|Publication number||US5604755 A|
|Application number||US 08/565,627|
|Publication date||Feb 18, 1997|
|Filing date||Nov 20, 1995|
|Priority date||Nov 20, 1995|
|Publication number||08565627, 565627, US 5604755 A, US 5604755A, US-A-5604755, US5604755 A, US5604755A|
|Inventors||Claude L. Bertin, Charles E. Drake, John A. Fifield, Erik Hedberg|
|Original Assignee||International Business Machine Corp.|
|Export Citation||BiBTeX, EndNote, RefMan|
|Patent Citations (8), Referenced by (49), Classifications (17), Legal Events (5)|
|External Links: USPTO, USPTO Assignment, Espacenet|
The invention relates to memory systems and more particularly to electronic circuits for resetting dynamic random access memory systems after disturbance by radiation.
In data storage or memory systems utilizing random access memory circuits, known as RAMs and in dynamic random access memory circuits, or DRAMs, ionizing radiation can easily disrupt the small capacitance of elements of these circuits. Hence, such circuits are particularly susceptible to radiation induced errors and thus, can be unreliable in such an environment. Some of the changes in the logical value of a memory cell or element in these memory circuits can be corrected by well known methods such as by utilizing error correcting codes, (ECC). Consequently, electronic correcting circuits, or so called ECC circuits which utilize these correcting codes, are conventionally provided in conjunction with DRAM arrays.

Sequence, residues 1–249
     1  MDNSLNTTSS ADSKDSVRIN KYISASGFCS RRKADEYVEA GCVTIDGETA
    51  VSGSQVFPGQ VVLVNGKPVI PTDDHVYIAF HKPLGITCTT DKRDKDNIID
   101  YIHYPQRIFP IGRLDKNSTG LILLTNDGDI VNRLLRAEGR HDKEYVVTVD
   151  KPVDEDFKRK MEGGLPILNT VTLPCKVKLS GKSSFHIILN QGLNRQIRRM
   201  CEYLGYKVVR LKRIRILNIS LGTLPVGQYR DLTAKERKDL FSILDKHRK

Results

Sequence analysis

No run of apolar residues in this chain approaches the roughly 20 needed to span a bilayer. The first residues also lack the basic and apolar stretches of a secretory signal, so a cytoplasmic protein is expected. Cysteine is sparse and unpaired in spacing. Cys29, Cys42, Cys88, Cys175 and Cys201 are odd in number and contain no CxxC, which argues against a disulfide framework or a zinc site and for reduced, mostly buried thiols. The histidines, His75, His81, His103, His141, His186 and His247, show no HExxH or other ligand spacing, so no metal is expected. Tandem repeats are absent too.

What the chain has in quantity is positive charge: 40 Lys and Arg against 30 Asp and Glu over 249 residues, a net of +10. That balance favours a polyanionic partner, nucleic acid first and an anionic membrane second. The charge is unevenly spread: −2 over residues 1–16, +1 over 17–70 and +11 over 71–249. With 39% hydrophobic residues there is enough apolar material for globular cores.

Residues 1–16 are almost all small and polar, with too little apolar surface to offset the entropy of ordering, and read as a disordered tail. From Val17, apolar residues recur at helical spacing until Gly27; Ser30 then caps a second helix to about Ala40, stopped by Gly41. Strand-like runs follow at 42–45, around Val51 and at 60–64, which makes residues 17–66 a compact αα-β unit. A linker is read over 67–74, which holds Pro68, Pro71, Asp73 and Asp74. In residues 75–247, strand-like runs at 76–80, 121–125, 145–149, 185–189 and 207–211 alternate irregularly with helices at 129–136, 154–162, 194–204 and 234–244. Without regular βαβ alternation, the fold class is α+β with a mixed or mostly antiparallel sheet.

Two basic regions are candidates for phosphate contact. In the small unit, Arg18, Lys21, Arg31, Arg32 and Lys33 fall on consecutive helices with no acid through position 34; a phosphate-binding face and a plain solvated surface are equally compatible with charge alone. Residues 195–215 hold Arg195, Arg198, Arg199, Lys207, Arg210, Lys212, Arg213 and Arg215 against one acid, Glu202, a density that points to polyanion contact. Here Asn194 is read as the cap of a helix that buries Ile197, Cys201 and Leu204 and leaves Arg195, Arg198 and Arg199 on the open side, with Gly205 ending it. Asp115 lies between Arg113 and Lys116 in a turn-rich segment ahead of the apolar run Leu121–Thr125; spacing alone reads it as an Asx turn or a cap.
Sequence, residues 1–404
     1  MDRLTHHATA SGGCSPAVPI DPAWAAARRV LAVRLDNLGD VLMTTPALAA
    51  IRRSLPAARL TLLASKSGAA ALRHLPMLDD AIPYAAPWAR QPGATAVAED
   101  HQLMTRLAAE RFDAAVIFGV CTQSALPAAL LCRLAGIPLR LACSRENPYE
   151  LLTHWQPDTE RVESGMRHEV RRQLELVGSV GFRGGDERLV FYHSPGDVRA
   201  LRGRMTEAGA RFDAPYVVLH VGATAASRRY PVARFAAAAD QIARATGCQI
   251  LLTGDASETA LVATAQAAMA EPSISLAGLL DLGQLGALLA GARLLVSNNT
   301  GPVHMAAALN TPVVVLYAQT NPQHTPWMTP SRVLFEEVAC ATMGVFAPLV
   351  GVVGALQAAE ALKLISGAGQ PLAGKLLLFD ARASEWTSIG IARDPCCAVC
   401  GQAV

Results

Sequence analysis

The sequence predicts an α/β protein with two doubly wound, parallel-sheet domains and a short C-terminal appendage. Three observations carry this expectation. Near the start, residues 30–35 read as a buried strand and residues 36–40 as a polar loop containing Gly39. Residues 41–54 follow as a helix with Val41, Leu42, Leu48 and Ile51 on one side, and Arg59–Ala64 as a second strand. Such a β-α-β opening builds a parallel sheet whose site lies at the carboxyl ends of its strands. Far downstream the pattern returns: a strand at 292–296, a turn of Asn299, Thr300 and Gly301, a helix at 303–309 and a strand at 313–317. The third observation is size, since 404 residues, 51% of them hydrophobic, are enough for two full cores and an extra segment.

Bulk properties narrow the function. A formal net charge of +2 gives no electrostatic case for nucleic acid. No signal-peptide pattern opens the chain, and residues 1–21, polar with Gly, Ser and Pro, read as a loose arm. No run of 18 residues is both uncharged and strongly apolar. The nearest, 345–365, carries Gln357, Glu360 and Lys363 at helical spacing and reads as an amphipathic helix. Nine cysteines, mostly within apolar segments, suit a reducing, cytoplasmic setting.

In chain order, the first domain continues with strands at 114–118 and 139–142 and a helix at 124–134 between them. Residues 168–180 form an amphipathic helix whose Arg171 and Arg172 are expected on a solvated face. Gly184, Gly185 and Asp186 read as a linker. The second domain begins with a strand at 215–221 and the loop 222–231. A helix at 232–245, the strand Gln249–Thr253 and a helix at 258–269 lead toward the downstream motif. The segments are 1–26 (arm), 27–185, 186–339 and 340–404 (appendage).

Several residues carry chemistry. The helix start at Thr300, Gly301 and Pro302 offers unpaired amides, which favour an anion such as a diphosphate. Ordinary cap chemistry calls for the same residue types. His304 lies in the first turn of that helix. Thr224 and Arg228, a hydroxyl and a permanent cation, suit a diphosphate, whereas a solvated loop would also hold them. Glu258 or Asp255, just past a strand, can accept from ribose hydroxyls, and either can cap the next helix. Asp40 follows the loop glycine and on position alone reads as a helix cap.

Errors in these memory circuits are often defined as either soft or hard; with a soft error being a random, non-recurring, single bit error, and a hard error being defined as a fixed, recurring error. Commonly, the ECC circuit may be operable during refresh cycles, and a soft error is corrected by the ECC circuit employing error correction codes and standard technology to utilize redundant elements in lieu of the failed elements. On the other hand, when a hard error is detected by the ECC circuit, the latter produces an uncorrectable error signal, or UE signal, which indicates that the memory is faulty.